Exactly 20 years after the successful completion of the "Human Genome Project", an international group of researchers, the Human Genome Structural Variation Consortium (HGSVC), has now sequenced 64 human genomes at high resolution. This reference data includes individuals from around the wo ... more
Superresolution live-cell imaging provides unexpected insights into the dynamic structure of mitochondria
As power plants and energy stores, mitochondria are essential components of almost all cells in plants, fungi and animals. Until now, it has been assumed that these functions underlie a static structure of mitochondrial membranes. Researchers at the Heinrich Heine University Düsseldorf (HHU) and the University of California Los Angeles (UCLA) and have now discovered that the inner membranes of mitochondria are by no means static, but rather constantly changing their structure every few seconds in living cells. This dynamic adaptation process further increases the performance of our cellular power plants.
"In our opinion, this finding fundamentally changes the way our cellular power plants work and will probably change the textbooks," says Prof. Dr. Andreas Reichert, Institute of Biochemistry and Molecular Biology I at the HHU.
Mitochondria are extremely important components in cells performing vital functions including the regulated conversion of energy from food into chemical energy in the form of ATP. ATP is the energy currency of cells and an adult human being produces (and consumes) approximately 75 kilograms of ATP per day. One molecule of ATP is produced about 20,000 times a day and then consumed again for energy utilization. This immense synthesis capacity takes place in the inner membrane of the mitochondria, which has numerous folds called cristae. It was previously assumed that a specific static structure of the cristae ensured the synthesis of ATP. Whether and to what extent cristae membranes are able to dynamically adapt or alter their structure in living cells and which proteins are required to do so, was unknown.
The research team of Prof. Dr. Andreas Reichert with Dr. Arun Kondadi and Dr. Ruchika Anand from the Institute of Biochemistry and Molecular Biology I of the HHU in collaboration with the research team of Prof. Dr. Orian Shirihai and Prof. Dr. Marc Liesa from UCLA (USA) succeeded for the first time in showing that cristae membranes in living cells continuously change their structure dynamically within seconds within mitochondria. This showed that the cristae membrane dynamics requires a recently identified protein complex, the MICOS complex. Malfunctions of the MICOS complex can lead to various serious diseases, such as Parkinson's disease and a form of mitochondrial encephalopathy with liver damage. After the identification of the first protein component of this complex (Fcj1/Mic60) about ten years ago by Prof. Andreas Reichert and his research group, this is another important step to elucidate the function of the MICOS complex.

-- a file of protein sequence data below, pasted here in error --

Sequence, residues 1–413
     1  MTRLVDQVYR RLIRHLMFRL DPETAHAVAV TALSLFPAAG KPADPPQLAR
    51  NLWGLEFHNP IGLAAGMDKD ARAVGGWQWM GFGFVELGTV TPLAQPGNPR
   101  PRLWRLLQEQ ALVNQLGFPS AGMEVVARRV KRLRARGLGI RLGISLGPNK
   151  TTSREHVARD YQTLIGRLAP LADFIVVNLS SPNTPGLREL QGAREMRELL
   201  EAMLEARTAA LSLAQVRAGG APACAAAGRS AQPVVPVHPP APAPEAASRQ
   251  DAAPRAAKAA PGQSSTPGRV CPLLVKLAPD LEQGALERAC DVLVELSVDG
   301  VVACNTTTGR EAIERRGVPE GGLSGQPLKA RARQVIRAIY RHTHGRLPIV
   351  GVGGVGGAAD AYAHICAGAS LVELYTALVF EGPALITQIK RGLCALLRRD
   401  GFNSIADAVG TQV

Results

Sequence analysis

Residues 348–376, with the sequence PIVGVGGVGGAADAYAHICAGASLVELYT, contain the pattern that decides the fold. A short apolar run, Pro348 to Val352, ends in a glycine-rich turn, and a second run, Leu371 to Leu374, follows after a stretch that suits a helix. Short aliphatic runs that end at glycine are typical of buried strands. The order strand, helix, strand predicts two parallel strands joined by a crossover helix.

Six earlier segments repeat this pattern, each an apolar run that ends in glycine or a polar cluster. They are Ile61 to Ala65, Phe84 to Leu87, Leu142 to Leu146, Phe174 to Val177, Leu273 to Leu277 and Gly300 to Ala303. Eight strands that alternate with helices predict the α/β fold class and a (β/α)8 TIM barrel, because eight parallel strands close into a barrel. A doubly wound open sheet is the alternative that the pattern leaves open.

"Our now published observations lead to the model that cristae, after membrane fission, can exist for a short time as isolated vesicles within mitochondria and then re-fuse with the inner membrane. This enables an optimal and extremely rapid adaptation to the energetic requirements in a cell," said Prof. Andreas Reichert.
- live cell imaging
Resolving genomes, particularly plant genomes, is a very complex and error-prone task. This is because there are several copies of all of the chromosomes and they are very alike. A team of bioinformatics researchers from Heinrich Heine University Düsseldorf (HHU) has now developed a softwar ... more
Tea (Camellia sinensis) is one of the world's most popular drinks with a wide range of flavours and health benefits. Researchers from Huazhong Agricultural University of Wuhan (China), Forschungszentrum Jülich, Heinrich Heine University Düsseldorf and the Max Planck Institute of Molecular P ... more
Waterborne diseases affect more than 2 billion people worldwide, causing substantial economic burden. For example, the treatment of waterborne diseases costs more than $2 billion annually in the United States alone, with 90 million cases recorded per year. Among waterborne pathogen-related ... more
UCLA biochemists have achieved a first in biology: viewing at near-atomic detail the smallest protein ever seen by the technique whose development won its creators the 2017 Nobel Prize in chemistry. That technique, called cryo-electron microscopy, enables scientists to see large biomolecule ... more
UCLA bioengineering professor Ali Khademhosseini has led the development of a tissue-based soft robot that mimics the biomechanics of a stingray. The new technology could lead to advances in bio-inspired robotics, regenerative medicine and medical diagnostics. The simple body design of stin ... more
- 1Detect neurodegenerative diseases such as Alzheimer's by a simple eye scan?
- 2Fluorescence microscopy at highest spatial and temporal resolution
- 3The Mechanics of the Immune System
- 4Resolve Biosciences Launches New Era in Single-Cell Spatial Analysis
- 5Quick look under the skin
- 6New ion trap to create the world's most accurate mass spectrometer
- 7How does your computer smell?
- 8Clocking electron movements inside an atom
- 9Sartorius closes 2020 with strong growth
- 10A clear path to better insights into biomolecules
- Researchers develop blood test for depression, bipolar disorder
- Aviation safety: Rapid test for harmful microbes in kerosene developed
- Doping by athletes could become tougher to hide with new detection method
- First images of cells exposed to COVID-19 vaccine reveal native-like Coronav ...
- Speeding up sequence alignment across the tree of life